I hadn’t spoken with anyone for a long time. I did have one more conversation though. I think it was pretty soon after CP9. It was a local guy with poles walking up a concrete road in a steady pace. I asked him how he was feeling. He said he was feeling great. It was his fourth time doing the race and he had always finished below 16 hours. Since I hadn’t been paying attention to the clock, I asked him if he thought he would succeed this time as well. Of that he was certain. In fact, this was his best race so far. He said he had purposely begun slower than before and eaten a lot more at the CPs than before. As a result he felt much better and he was certain he would improve his time. I thanked him for the chat and left him behind.
With less than 10 km left, I was feeling confident I would not only finish, but finish below 16 hours, earning the famous golden trophy. This was very encouraging and kept me going at a pretty good pace. The last part is the highest point in the race and therefore there were hardly any trees. So far, the trees usually blocked the view except on the mountain tops but now you could see far ahead of you. Because of the darkness, everything was shadowy but you could still see the mountain tops in front of you.
This had a postitive and a not so positive aspect to it. I enjoyed the vastness. It reminded a lot of the trails in the Icelandic mountains. There we don´t have a lot of trees and therefore you can always see far. The trails themselves were also different. These were dirt trails with rocks here and there. Again, a lot like the Icelandic trails and a welcomed change from the endless concrete stairs we had been climbing and descending in the woods. So I felt right at home and enjoyed this part even though my body was aching and I was longing for the finish.
The negative aspect of seeing so far was that you could see what was left and it seemed so far away. For the longest time, I thought the little peak between Grassy Hill and Tai Mo Shan was actually Tai Mo Shan. I knew there was a 4 km downhill part in the end, going down Tai Mo Shan so with this little left, surely it couldn’t be that mountain far away. What made me nervous, however, was that the mountain far away was obviously the highest point and I knew Tai Mo Shan was the highest mountain in Hong Kong. When I was approaching the point I thought was Tai Mo Shan, it became clear the big mountain far away was indeed Tai Mo Shan much to my dismay.
Well, there is no help in whining, so I just continued and tried to push my pace. Sure, my legs were aching but I wasn’t feeling bad. I geared up from my „just enjoy the experience“ mode to my competitive mode and decided I would finish hard and well to get the best time possible. My hamstrings had not given me any problems and I knew I would finish so there was no reason to hold back! What seemed to be far away actually did not take so long and before I knew it I was on top of Tai Mo Shan! It had probably been a blessing that most of the race, I couldn’t see very far ahead of me. Mentally, it would have been harder to see how far away the end was.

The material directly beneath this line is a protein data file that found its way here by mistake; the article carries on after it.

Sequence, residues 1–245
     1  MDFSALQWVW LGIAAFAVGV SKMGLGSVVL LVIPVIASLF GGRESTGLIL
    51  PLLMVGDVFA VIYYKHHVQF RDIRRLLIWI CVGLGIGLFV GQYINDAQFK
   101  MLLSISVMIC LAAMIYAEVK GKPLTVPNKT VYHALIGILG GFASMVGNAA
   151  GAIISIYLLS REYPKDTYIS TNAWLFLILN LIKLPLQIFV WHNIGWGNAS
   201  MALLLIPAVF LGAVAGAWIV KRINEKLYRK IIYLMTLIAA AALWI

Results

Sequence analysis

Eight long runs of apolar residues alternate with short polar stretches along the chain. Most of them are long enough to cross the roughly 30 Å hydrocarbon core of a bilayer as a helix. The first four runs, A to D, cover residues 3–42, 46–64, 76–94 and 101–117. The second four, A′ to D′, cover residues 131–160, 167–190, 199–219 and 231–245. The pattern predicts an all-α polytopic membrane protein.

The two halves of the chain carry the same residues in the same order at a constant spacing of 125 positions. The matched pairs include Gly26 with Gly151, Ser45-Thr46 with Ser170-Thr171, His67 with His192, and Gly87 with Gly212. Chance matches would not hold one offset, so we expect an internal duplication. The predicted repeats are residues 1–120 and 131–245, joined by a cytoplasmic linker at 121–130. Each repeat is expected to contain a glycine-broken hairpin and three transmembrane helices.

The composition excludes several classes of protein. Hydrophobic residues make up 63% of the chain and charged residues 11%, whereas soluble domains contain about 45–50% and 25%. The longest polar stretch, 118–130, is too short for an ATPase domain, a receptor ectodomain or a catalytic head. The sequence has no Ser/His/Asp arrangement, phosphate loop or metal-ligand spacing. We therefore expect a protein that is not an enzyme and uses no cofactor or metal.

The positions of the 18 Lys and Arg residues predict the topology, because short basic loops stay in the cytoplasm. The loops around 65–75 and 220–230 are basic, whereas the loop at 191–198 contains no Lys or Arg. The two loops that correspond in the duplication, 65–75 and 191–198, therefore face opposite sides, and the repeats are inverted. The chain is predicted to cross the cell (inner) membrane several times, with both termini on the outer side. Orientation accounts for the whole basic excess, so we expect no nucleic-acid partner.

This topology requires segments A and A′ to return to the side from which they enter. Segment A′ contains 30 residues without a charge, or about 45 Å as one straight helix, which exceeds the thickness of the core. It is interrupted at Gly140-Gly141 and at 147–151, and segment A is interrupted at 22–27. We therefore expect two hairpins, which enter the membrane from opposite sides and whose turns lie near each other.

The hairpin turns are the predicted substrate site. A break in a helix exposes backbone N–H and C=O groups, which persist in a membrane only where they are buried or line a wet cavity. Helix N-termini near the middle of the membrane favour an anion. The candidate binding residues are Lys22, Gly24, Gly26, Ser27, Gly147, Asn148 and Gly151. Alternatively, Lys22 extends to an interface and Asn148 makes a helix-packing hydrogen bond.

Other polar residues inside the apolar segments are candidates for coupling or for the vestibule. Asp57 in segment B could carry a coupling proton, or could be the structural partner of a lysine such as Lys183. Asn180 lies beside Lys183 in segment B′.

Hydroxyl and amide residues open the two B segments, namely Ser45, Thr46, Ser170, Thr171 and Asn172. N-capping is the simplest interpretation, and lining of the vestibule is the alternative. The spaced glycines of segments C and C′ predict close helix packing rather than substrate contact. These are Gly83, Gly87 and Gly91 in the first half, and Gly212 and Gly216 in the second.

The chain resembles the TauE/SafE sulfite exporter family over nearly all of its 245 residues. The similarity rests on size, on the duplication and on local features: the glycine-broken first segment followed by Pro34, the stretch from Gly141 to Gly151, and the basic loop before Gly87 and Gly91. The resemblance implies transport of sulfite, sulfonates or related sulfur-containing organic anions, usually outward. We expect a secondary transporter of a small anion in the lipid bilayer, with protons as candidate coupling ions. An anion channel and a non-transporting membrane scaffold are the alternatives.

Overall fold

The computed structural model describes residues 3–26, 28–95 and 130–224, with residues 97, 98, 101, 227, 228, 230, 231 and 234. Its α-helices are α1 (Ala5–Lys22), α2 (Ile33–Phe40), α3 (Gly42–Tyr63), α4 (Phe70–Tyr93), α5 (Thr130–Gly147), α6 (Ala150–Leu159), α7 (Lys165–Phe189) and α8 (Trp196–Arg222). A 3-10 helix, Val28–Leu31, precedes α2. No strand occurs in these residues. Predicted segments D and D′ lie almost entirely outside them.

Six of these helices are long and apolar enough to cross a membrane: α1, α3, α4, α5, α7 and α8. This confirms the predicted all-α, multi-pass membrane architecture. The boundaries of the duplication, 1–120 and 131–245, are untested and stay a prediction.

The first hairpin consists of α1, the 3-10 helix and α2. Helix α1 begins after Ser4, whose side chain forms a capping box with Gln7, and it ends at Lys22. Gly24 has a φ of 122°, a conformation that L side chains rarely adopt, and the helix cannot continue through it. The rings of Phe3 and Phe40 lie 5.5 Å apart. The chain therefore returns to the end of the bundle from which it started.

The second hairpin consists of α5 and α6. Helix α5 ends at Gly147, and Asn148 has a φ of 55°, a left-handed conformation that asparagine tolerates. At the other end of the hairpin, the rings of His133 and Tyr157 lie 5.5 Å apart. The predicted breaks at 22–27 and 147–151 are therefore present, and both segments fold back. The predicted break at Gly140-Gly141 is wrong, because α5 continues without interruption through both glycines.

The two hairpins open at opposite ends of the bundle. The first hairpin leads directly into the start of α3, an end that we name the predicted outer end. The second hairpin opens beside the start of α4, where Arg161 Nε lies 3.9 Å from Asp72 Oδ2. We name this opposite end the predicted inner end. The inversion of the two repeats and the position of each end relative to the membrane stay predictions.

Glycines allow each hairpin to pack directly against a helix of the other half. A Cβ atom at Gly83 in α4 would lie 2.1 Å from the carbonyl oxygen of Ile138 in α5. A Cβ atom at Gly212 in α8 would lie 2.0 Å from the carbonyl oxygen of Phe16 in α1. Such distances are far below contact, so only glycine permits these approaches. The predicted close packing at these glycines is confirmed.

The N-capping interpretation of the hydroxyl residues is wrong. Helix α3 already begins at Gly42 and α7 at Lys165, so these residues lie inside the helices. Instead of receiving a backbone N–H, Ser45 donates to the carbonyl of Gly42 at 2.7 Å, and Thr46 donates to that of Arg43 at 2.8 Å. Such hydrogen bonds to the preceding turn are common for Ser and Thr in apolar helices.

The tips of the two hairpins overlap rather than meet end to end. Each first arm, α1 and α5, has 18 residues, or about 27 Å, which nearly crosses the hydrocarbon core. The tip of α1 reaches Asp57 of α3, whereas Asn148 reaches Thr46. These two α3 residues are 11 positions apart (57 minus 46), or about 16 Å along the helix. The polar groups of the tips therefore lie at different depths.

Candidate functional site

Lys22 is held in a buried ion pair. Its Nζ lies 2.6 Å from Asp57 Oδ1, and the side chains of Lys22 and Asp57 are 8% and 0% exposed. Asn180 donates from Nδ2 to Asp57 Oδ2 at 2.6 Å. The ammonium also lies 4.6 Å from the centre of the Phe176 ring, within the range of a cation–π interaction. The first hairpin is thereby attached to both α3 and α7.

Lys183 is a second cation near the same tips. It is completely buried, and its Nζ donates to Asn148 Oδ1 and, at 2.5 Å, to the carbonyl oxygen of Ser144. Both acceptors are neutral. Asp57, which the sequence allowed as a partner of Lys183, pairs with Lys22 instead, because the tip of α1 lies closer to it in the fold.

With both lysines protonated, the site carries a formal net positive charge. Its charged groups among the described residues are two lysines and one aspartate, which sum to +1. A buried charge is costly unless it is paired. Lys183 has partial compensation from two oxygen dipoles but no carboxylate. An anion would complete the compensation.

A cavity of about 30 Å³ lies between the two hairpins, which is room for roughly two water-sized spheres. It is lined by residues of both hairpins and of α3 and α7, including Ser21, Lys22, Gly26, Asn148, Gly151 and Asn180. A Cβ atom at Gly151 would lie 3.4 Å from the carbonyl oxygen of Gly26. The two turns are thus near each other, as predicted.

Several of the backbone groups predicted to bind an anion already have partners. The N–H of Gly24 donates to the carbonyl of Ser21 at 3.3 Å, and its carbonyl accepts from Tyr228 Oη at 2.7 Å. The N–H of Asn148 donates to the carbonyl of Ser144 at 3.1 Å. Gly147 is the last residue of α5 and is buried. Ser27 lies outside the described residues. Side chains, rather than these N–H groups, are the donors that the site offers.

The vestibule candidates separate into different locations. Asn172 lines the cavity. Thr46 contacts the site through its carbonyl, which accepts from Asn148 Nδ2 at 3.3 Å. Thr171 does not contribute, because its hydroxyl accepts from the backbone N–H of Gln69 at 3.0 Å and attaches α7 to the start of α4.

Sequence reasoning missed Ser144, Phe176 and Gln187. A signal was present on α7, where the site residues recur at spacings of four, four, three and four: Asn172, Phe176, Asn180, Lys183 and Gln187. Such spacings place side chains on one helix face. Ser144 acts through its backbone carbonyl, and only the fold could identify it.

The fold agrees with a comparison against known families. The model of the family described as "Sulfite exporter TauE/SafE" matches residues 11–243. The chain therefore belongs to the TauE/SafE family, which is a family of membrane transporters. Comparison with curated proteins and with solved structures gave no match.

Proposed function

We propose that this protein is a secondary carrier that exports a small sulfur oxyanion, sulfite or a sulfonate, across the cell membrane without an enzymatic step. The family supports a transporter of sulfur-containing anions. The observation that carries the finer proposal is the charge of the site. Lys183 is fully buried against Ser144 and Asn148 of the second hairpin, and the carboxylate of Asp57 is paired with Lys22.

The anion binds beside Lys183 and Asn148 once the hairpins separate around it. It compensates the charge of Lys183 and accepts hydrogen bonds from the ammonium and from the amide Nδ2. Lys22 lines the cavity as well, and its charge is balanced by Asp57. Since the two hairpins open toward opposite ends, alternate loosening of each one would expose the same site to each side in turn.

We climbed Tai Mo Shan on a concrete road built for cars only to descend on the other side on another concrete road. On the very top, the concrete was covered with a thin layer of ice. But this was just on the top, so maybe 20 meters or so, then the ice disappeared. The time was 11:15 PM (I had been running 15:15 hours) and I heard that later into the night, the ice increased and gave participants trouble. They had to close the race 24 hours into it! It was supposed to be open 30 hours. First time in the history of the race, I believe.
Now the descend started and I heard a participant call to his friend: „Go, go!“ as he charged down the hill, obviously determined to give all he had these last 4 km. I was encouraged as well and let the hill have its way as I rolled down without trying to slow down. I passed several people and soon I also past the guy who had charged down. I was delighted and a little surprised that my quads weren’t totally blown. Sure, I could feel the soreness, but it wasn’t enough to stop me from running pretty fast downhill!
All of the sudden the road was blocked with cars. We had to zig zag past cars and walking people. And it was obvious that they were not here to cheer, because they didn’t seem to know or care what these runners were doing here and were not necessarily staying out of the all ready crowded road. I was a little surprised because the run had been so well organised so far. Soon, however, we were lead down a trail and got rid of the chaos. I was not very happy when more stairs presented themselves, I thought I wouldn’t see any more stairs and they slowed me down considerably.